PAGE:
“I fell in love at the age of twelve in Wales,” recalls Bernard Philpot. “My father brought me to a small graveyard in the Welsh hills to show me two headstones carved by the great Eric Gill. I instantly fell in love with the beauty of the carving and the perfection of the letterforms. I still go back to marvel at these works of art.”
ITC Bolthole History
Bolthole is a craggy sans serif with a definite grumpy attitude. It’s not terribly legible, and, if more than a few words are set in the design, it’s not very readable. To round out its cranky personality, Bolthole does not like to be set in small sizes.
Like Cheez Whiz® and bullfights, you either love or hate this typeface. But whichever emotion dominates, there is no denying that Bolthole has a personality to be reckoned with – one with ample magnetism to ensure reader attraction. If used to set brief blocks of display copy, the typeface makes a powerful statement.
Bolthole was originally designed to complement a whimsical ad for the Royal Society for the Prevention of Cruelty to Animals. As Philpot recalls, “although the ad didn’t win any awards, the type attracted some very positive comments for its original look and feel.”
Philpot studied graphic design and typography at the London School of Printing, and soon after graduation found himself working in a large advertising agency in London. According to Philpot, “After designing type for everything from packaging to ads, I thought it time to convert one of my designs into a complete font – and Bolthole was born.”
ITC Bolthole could very well be the Shrek™ of typeface design – which might not be such a bad thing.
Licenses for desktop fonts
A typical desktop font EULA will allow you to install the font on your computer for use with authoring tools including word processors, design tools and other applications that permit font selection. Fonts can also be used for creation of print documents, static images (JPEG, TIFF, PNG) and logos. The cost of a desktop font license is determined by the number of workstations on which the font is to be used.View the desktop EULA for this family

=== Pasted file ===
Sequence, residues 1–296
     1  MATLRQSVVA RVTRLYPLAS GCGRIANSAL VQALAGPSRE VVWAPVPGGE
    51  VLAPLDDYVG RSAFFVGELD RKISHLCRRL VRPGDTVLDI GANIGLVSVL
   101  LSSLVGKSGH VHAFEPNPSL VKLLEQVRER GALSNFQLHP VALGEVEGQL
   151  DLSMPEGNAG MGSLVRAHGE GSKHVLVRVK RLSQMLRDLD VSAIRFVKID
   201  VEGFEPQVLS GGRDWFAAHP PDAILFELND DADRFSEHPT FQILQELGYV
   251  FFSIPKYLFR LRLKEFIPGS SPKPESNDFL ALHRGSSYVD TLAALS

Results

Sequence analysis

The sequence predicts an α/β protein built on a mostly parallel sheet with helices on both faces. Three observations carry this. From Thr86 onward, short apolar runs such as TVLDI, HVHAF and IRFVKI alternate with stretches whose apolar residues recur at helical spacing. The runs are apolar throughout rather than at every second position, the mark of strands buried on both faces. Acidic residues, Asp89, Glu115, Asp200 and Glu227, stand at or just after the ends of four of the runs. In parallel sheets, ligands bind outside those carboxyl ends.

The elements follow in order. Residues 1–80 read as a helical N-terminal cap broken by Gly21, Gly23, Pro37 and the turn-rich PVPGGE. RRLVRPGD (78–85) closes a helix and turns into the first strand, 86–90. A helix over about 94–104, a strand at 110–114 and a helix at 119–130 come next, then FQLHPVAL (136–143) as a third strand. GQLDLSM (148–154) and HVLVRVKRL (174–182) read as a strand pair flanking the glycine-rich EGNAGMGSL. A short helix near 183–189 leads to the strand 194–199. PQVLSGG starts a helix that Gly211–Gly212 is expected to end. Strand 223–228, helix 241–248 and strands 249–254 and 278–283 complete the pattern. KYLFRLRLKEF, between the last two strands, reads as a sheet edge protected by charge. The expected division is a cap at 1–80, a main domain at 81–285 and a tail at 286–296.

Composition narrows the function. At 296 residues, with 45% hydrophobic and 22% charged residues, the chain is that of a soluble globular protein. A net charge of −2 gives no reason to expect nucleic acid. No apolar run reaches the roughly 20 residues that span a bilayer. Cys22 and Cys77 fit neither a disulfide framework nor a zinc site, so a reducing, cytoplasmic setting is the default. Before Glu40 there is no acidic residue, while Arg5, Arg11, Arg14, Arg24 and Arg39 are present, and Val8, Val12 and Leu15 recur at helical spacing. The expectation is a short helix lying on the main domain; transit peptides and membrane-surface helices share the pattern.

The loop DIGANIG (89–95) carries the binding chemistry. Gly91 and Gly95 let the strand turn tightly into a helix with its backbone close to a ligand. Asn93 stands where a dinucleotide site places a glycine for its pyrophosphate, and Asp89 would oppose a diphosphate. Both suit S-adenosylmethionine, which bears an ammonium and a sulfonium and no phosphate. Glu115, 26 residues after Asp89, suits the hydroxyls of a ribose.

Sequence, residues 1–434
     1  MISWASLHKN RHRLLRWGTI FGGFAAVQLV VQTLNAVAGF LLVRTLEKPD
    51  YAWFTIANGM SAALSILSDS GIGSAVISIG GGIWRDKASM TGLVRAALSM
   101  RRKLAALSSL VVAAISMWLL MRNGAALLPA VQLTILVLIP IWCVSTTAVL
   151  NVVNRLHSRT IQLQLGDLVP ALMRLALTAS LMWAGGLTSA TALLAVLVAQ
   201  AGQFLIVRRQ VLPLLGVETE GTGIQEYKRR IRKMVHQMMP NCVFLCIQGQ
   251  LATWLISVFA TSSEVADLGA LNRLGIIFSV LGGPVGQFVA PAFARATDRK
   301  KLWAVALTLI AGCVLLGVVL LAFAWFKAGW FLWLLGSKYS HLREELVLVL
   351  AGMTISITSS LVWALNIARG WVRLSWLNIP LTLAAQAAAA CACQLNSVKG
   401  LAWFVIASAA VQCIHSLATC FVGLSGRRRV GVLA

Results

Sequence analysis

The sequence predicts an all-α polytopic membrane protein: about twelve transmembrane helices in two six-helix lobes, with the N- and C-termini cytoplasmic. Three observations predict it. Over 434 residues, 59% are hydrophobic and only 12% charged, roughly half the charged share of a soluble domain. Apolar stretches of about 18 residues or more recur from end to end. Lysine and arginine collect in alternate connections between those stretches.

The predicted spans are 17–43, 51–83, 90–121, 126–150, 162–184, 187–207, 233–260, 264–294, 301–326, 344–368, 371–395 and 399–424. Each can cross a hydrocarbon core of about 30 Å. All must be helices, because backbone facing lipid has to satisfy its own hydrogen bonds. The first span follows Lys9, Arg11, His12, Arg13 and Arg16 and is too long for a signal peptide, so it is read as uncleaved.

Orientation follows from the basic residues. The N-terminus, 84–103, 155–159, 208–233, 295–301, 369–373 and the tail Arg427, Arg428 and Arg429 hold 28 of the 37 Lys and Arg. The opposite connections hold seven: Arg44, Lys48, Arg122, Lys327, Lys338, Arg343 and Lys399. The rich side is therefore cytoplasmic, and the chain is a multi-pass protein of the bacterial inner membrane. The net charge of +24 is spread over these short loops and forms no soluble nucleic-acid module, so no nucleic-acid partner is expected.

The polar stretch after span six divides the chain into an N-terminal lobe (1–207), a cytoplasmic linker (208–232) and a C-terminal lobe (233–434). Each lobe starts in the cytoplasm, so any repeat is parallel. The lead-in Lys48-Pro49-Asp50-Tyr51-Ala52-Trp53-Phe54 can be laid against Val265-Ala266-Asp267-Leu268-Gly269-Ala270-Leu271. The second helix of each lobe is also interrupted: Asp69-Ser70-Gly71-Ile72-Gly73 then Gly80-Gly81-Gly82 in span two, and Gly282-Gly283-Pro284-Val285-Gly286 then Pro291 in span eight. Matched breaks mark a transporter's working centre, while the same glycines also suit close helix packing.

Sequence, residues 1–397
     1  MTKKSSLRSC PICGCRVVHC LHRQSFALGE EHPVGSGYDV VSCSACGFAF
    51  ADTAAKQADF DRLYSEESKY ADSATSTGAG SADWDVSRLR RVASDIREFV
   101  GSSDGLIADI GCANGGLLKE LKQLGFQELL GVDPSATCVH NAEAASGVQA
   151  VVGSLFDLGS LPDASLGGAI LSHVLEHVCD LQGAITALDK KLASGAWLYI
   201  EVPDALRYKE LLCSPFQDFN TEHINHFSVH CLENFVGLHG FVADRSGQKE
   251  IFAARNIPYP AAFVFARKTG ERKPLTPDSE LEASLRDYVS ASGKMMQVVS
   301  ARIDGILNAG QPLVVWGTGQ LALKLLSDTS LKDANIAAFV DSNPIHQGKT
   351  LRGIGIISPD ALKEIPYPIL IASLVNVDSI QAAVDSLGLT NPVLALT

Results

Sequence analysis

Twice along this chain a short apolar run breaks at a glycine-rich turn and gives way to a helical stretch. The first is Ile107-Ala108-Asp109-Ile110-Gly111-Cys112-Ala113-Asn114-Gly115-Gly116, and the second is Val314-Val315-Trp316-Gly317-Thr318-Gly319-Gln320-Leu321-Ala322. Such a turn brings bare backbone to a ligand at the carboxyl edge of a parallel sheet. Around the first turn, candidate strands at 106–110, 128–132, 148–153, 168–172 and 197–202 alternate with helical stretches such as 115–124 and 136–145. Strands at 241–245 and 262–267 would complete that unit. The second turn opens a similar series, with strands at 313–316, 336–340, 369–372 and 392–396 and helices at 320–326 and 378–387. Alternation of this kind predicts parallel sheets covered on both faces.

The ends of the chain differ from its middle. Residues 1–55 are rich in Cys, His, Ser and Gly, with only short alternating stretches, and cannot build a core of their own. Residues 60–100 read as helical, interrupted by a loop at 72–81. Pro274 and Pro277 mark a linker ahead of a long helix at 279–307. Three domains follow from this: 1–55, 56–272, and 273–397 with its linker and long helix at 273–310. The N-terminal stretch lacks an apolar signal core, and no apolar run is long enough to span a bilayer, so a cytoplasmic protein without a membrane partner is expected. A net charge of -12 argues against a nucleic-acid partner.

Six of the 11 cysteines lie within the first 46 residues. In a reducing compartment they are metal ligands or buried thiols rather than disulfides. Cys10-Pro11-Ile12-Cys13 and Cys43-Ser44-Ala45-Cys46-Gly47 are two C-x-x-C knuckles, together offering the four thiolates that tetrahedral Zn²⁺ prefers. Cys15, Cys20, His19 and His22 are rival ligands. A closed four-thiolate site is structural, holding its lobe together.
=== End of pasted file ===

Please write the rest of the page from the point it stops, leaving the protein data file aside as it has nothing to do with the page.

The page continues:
Licenses for Fonts.com Web Fonts subscriptions
The Fonts.com Web Fonts license provides access to a selection of fonts for use on websites for use with CSS@font-face. Font delivery from our global network is available through all subscriptions – even our free plan. Some plans include the option to self-host, access to desktop fonts, and use of our FontExplorer X font manager and Typecast design application. The price of a plan is determined by its pageview allowance and other features included.View the Fonts.com Web Fonts subscription license agreement
Licenses for mobile apps
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Licenses for electronic publications (eBooks)
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Server licenses authorize the installation of a font on a server that is accessed by remote users or website visitors. These licenses are commonly used by Web-based businesses providing goods that are personalized by its users such as business cards, images with captions and personalized merchandise. Users are not allowed to download the font file and the font may not be used outside the server environment. The font may not be employed for a software as a service (SaaS) application in which the service is the actual product and not the means of providing the product. Server licenses cover a set number of CPU cores on production servers (development servers are not counted) on which the font is installed. The license is valid for 1 year.Learn more about server licenses